BATH — Four years ago, Morse High School alumna Bryanna Ringrose had a simple mission: Get people together so they can be kind to each other.

This Saturday, her vision of a kinder Bath will return for the fourth installment of Kindness Day. From 10 a.m. to 2 p.m. on Front and Centre streets, kindness will flow from booths, businesses, and anyone who happens to be strolling by.

“Kindness Day gives us one day, one place, and one time, to deliberately bring some kindness into our little city,” said Darreby Ambler, who helped organize the first Kindness Day.

Ringrose was part of Ambler’s “Dream Team,” which helps students realize their visions. Ringrose’s vision happened to be bringing out kindness in people.
She’s certainly succeeded. Over the past four years, hundreds of people have attended Kindness Day to spread joy to anyone they meet.

Stations like “Pat-a-Pet” invite people to bring their friendly dogs, iguanas, guinea pigs, rescue rats, and more to be a pop-up petting zoo for those who need some love from an animal friend. So far, it already looks like dozens of dogs will be returning for another year.

The “Listening Booth” pairs people with someone who will listen to what you have to say without interrupting, for as long as you need to share.

Another returning stand is the “Wisdom Station,” manned by Plant Home residents giving some life advice from their well-earned well of experiences.

There are new stands this year, as well. Kindness Bingo will have people pick a bingo card with ideas for kind deeds to do at the festival. Anyone who does five in a row can get a small prize. Another is balloon animals made by 6-year-old Maddie McDorr.

Michele Ober, manager of the Habitat ReStore, will be participating at the Take-a-Treat table, which offers fresh baked goods. Free hugs, jokes, a popcorn station, and more will also spread the cheer.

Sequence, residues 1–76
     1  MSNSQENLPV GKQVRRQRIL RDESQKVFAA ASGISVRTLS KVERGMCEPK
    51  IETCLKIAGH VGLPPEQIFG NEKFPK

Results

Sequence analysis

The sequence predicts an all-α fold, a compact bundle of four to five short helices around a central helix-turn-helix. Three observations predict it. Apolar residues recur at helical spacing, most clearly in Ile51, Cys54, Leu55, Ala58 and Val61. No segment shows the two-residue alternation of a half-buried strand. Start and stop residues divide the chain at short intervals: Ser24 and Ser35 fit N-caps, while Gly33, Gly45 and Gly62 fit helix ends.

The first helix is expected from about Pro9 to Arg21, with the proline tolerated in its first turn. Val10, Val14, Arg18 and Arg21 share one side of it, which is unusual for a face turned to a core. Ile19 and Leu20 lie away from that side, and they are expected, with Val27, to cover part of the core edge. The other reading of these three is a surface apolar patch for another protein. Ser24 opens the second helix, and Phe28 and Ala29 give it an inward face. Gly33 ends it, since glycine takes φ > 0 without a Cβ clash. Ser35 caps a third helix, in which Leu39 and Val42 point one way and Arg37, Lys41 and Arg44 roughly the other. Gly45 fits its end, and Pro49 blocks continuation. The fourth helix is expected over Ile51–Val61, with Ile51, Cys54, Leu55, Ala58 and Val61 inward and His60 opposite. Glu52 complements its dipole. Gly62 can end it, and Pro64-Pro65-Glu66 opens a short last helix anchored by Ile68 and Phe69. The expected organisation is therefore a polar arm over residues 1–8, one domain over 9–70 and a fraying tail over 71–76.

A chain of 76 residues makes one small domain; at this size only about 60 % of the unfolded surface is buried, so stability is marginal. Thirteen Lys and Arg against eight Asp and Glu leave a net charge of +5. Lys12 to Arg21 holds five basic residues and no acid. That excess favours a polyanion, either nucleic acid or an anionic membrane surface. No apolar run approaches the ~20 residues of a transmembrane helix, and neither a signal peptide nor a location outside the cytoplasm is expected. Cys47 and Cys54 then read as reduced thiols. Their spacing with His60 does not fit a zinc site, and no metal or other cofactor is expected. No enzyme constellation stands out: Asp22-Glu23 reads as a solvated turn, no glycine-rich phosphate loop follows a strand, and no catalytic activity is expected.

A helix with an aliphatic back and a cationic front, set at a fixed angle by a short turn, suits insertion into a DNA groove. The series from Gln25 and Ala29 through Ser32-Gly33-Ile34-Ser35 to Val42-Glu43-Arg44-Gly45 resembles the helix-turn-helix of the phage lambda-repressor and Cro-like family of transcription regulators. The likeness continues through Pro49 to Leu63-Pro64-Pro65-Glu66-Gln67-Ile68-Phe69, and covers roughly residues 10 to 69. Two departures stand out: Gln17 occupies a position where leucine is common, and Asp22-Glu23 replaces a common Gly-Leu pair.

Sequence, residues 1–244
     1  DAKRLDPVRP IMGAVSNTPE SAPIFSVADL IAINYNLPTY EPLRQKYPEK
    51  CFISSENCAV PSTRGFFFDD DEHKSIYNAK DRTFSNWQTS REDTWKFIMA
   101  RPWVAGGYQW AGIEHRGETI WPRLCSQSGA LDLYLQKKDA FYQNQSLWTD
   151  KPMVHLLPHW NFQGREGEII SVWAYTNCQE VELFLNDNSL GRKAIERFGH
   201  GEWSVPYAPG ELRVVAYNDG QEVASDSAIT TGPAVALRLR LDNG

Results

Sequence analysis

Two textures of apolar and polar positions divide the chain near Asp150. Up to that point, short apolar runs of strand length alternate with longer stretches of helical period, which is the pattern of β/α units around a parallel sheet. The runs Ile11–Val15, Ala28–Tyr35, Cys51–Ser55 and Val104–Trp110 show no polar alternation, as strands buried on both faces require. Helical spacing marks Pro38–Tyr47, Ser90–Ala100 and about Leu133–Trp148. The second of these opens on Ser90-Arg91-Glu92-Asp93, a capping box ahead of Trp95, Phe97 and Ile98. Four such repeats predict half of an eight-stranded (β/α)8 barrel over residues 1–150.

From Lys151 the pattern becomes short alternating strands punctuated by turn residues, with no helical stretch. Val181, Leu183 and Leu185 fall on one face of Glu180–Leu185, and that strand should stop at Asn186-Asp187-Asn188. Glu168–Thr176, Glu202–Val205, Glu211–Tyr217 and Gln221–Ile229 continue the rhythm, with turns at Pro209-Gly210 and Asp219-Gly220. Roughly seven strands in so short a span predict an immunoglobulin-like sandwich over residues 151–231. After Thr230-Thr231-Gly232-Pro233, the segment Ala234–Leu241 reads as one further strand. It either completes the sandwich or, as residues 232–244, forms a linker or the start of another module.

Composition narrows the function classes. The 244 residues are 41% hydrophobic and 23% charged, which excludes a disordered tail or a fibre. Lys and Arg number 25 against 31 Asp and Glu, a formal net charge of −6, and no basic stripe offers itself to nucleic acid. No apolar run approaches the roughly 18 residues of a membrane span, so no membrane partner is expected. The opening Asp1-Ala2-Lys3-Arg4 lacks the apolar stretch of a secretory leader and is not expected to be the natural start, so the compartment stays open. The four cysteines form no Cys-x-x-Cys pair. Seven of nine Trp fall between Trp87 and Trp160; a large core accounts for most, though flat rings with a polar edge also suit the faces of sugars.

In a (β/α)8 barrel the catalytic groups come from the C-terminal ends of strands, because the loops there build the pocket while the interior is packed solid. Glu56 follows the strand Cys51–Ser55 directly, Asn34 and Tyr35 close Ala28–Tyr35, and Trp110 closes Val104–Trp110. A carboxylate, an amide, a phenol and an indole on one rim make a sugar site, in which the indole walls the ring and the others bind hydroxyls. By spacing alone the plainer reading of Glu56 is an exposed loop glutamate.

Over 100 people have turned out to volunteer this year, said Ambler, and in the past hundreds more have attended. That collaborative spirit is part of what makes Kindness Day special.

“There is no commercial purpose; organizations aren’t even there to recruit people — they are there to show kindness and generosity to the people who turn up that day,” she said. “And instead of people coming as ‘consumers’ they come as participants, with their own small kind deeds. It is truly a celebration that everyone in town puts on for each other.”

Kindness has spread beyond the stands in years past. A coffee line at Cafe Creme, where people paid for the person behind them, lasted for hours. Bicycles have been given away, art has been created (and again, given freely), and even a “Baby Calming Station” started by two grandmothers on a bench popped up.

Kindness Day has been fully supported by Bath City Council. On Aug. 2, council gave a proclamation recognizing Aug. 19 as Bath Kindness Day.

“It’s just a reminder to everyone that kindness is everywhere, and it’s abundantly there that day. Hopefully, it trails on for the rest of the year,” said City Council Chair Mari Eosco. Reading a proclamation, she said, is one of the easiest decisions the council makes. “I’m going to say with confidence that we unanimously support kindness.”

She added the city is going to set up a stand of its own, as well.

Kindness Day is running from 10 a.m. to 2 p.m. in downtown Bath, mainly on Front and Centre streets. For more information, visit Kindness Day Bath’s Facebook page at facebook.com/kindnessdaybath.